Avoid Sending the Wrong Message During Drop Off
Please be strong at drop off time. Don’t get emotional in front of your child. And don’t tell your kid about your fun and exciting plans after you drop them off. I’ve learned it helps to tell your kid you are going to do something that they don’t like (think laundry or cleaning the house). I have heard parents tell their crying toddlers that they are going to go visit grandma with their younger sibling before they come pick them up after school. Of course, the toddler will want to go to grandma’s house and avoid school.
Also, don’t linger after dropping your kid off. If you linger, you are giving your child the message that you are not comfortable dropping them off. (If you are in fact uncomfortable, it may mean you need to find another school or program that helps you feel more at ease.)
Know How To Handle Crying
Even if your child is crying, it’s still OK to drop them off. One of the hardest things we as parents need to do is to realize that someone else (other than ourselves) can comfort our children. Teachers of young children are kind, caring, and seasoned professionals who will comfort and teach your child how to become a little student.
And know that crying is common in the beginning. Our program has dozens of kids enrolled each year, and more than half of them (and many of their parents) cry at those first drop offs. By week two or three, though, these children usually get acclimated to the routine, allow themselves to enjoy their day, and stop crying all together. Some kids may continue to only cry at drop off (and/or pick up). Sometimes crying becomes a habit. But that doesn’t necessarily mean a child is miserable. If there is a long weekend or a school holiday, for example, many children start the crying routine all over again and the drop off process needs to be relearned. But the more often a child attends a program, the easier the drop off process will eventually be.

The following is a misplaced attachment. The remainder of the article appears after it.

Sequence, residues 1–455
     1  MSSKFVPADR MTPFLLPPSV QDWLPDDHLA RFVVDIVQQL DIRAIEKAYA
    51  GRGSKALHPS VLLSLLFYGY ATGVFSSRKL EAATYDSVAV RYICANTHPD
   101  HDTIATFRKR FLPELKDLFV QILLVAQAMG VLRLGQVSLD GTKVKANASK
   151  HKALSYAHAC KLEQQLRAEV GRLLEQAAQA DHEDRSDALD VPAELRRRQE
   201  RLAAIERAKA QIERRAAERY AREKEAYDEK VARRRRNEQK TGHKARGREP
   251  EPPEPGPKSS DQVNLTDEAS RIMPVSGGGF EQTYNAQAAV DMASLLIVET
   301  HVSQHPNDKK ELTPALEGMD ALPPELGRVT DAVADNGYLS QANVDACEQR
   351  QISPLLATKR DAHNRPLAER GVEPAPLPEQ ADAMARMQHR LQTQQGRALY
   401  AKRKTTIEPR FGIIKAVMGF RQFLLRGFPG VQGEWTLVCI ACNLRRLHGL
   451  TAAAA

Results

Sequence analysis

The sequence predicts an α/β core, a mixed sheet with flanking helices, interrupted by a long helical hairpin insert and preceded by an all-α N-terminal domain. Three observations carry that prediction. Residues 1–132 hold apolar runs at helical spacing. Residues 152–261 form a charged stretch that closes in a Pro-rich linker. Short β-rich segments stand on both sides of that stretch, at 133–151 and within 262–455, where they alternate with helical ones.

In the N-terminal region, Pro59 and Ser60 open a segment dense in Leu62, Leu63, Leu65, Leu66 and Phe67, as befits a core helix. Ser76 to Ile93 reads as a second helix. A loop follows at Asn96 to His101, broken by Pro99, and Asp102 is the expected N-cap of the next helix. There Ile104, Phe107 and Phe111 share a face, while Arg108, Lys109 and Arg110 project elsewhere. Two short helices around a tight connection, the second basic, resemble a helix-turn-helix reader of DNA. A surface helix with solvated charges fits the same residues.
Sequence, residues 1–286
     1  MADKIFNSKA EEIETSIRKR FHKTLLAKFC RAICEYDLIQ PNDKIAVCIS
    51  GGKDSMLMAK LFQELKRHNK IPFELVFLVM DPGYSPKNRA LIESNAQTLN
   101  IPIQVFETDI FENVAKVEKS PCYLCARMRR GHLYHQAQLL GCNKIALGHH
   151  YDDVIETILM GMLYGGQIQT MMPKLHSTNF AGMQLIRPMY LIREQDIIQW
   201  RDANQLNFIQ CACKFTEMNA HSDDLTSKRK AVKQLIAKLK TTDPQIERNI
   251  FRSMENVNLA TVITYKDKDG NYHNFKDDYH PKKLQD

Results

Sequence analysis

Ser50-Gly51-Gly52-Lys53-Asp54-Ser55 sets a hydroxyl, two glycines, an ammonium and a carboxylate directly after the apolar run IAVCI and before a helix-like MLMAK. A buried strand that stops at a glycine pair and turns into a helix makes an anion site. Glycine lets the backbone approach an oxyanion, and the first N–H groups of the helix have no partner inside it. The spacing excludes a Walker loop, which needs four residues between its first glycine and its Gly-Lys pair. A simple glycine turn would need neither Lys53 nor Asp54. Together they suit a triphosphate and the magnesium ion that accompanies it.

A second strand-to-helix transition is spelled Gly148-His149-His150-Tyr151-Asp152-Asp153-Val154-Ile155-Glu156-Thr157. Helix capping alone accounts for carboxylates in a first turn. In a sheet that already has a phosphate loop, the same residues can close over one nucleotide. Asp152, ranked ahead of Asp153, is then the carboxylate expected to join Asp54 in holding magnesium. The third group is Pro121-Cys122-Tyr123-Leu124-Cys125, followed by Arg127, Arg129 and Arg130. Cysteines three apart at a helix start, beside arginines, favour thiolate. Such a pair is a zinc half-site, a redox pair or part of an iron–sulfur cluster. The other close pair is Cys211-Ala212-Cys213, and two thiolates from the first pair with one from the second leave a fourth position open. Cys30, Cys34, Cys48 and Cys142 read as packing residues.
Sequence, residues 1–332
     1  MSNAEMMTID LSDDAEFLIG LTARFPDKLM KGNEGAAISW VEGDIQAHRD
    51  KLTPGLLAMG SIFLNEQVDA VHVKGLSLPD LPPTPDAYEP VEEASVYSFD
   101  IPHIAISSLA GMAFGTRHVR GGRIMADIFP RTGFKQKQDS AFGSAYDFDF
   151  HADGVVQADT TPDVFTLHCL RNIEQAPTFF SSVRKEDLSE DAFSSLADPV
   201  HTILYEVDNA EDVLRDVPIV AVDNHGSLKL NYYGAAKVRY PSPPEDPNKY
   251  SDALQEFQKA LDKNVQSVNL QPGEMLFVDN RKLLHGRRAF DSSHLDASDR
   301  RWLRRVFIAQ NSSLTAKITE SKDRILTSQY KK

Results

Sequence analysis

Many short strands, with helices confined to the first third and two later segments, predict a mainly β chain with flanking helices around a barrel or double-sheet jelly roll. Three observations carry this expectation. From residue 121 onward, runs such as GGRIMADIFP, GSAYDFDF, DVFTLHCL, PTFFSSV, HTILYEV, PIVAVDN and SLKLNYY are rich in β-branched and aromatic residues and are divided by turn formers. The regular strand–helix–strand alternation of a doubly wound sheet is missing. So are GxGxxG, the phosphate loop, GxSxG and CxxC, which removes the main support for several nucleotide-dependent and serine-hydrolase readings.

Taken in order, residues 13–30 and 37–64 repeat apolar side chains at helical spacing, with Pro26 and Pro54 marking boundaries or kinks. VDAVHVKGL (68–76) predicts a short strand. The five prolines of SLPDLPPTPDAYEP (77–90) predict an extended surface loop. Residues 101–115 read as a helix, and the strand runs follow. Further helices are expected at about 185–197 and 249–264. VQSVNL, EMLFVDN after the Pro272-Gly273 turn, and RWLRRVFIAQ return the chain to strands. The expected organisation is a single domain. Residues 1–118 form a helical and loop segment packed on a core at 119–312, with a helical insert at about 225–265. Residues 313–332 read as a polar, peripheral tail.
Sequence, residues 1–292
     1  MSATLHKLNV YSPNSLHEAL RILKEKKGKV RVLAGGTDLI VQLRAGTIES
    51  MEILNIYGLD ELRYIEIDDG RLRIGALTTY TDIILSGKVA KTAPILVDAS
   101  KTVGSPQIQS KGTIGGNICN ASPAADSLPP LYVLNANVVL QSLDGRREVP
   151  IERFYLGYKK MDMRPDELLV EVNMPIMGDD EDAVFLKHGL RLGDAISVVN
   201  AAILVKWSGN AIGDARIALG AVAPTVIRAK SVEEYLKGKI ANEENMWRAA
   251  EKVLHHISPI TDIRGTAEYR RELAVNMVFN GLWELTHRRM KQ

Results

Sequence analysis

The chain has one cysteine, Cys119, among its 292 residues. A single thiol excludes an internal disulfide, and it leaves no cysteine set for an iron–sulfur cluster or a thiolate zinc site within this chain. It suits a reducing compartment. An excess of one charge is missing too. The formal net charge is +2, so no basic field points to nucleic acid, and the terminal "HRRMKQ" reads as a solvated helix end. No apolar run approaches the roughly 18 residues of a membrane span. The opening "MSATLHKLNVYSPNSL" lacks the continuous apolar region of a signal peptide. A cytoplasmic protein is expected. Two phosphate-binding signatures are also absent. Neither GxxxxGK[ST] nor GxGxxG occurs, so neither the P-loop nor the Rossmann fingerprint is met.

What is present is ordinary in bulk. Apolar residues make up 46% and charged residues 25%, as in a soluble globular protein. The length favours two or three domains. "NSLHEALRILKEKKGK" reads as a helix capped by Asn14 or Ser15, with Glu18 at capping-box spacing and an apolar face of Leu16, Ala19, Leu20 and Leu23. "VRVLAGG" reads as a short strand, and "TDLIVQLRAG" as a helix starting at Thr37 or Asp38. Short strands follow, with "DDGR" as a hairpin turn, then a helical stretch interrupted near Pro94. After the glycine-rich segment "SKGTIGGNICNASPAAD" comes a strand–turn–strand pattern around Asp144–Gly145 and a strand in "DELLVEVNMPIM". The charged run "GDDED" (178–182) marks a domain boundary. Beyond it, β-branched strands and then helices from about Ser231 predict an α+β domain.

The Bottom Line
It may be difficult on both the parent and child once they head off to pre-school. But there are ways to make the drop off process easier on everyone. Try to relax and remember that you are giving your child a gift by sending them to a drop off program. Enjoy the experience and your child will, too.